Game Over: Bonamego coaches last game as 'dream job' ends with 22-29 career record
When John Bonamego was hired as Central Michigan's head coach on Feb. 9, 2015, he said leading the Chippewas was his dream job.
“Words cannot express how much I love this place and what this day means to me," said Bonamego during a press conference that introduced him as head coach. "I plan to start and end my head coaching career here.”
After two brawls on the field, three player ejections and a 51-13 loss to Toledo on Nov. 23, that dream came to an abrupt end for the man Chippewa football fans came to know as Bono.
Athletic Director Michael Alford announced the firing of Bonamego hours after the loss to Toledo. Because Bonamego was fired, CMU is left with a $1.125 million buyout under the terms of the contract which Alford extended in 2017. He could receive the full $1.125 million buyout, but CMU has been in negotiations with Bonamego's representatives about a settlement lower than what is outlined in his contract.
The Chippewas finished the 2018 season 1-11 overall and 0-8 in the Mid-American Conference.
During his four-year tenure as CMU's head coach Bonamego owned a 22-29 record and 15-17 mark in conference games.
Even though Bonamego took the Chippewas to three-straight bowl games in his first three seasons, Alford decided to pull the plug on the 55-year-old coach’s time at CMU.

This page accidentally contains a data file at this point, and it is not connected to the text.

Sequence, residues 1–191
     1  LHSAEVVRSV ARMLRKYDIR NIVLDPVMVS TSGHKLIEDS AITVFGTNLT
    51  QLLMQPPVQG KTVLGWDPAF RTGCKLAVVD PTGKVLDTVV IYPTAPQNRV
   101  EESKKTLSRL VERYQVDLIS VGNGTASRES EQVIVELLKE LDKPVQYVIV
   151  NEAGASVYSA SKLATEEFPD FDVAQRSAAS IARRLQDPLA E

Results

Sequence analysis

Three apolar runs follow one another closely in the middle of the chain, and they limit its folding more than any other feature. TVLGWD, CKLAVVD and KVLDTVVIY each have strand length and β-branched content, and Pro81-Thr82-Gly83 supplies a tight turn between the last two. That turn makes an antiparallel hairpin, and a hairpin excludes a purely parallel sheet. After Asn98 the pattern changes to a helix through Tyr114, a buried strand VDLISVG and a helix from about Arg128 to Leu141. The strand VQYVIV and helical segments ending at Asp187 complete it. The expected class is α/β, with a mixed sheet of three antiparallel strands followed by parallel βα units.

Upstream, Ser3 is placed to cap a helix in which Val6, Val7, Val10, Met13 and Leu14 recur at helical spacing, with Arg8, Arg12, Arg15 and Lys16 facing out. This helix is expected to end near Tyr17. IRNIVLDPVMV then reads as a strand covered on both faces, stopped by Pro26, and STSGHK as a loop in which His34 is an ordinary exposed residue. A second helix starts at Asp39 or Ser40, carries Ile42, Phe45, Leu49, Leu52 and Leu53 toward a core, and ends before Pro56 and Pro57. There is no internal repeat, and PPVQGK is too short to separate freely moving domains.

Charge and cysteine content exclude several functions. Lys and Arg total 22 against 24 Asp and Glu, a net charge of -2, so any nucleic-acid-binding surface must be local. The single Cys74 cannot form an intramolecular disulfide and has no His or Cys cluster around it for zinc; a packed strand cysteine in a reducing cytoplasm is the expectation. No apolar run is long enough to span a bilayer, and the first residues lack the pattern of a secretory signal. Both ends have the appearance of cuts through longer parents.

"Making a leadership change is a difficult decision, especially when you know that coach has given his all to CMU,” Alford said. “After conducting a 360-degree evaluation of the program, it was clear that a change is needed if we are going to compete for and win championships.”
From his first to fourth year, Bonamego started as a returning friend, becoming a beloved figure on campus and in the community and eventually had some fans calling for his firing.
From loved to lost
Bonamego quickly became the face of the football program – and a figurehead for the university – throughout his first three seasons.
At his inaugural press conference, Bonamego made his message to fans, alumni and players understandable. He claimed to be the coach of all in the city of Mount Pleasant.
“We aren’t hiding anything here," he said. "If you’re a Chippewa, I’m your coach.”
He was the first alum to serve as CMU's head coach since Bill Kelly from 1951-1966. Bonamego's voice quivered and tears flowed down his face during his introduction as head coach just four short years ago.
“This is not just another job,” Bonamego said at his first press conference. “To me, this is the job. Words cannot express how much I love this place and what this day means to me."
One of CMU's greatest quarterbacks, Dan LeFevour, was behind former Athletic Director Dave Heeke's hiring of Bonamego.
“I knew him as a family man, but I hadn’t seen him first-hand as a coach,” LeFevour said. “It was great to see that passion. I knew he wanted to be a head coach here.”
He played for CMU in the mid-1980s as a walk-on wide receiver and quarterback. Bonamego said coaching the Chippewas was always his dream.
“Since I left CMU in 1987, my dream job was to be the head coach of the Central Michigan football program. Today, that dream came true,” Bonamego said.
Taking over for Dan Enos, Bonamego was in his first collegiate coaching job since working as an assistant for Army from 1993-98. He worked in the National Football League for a variety of teams from 1999-2014.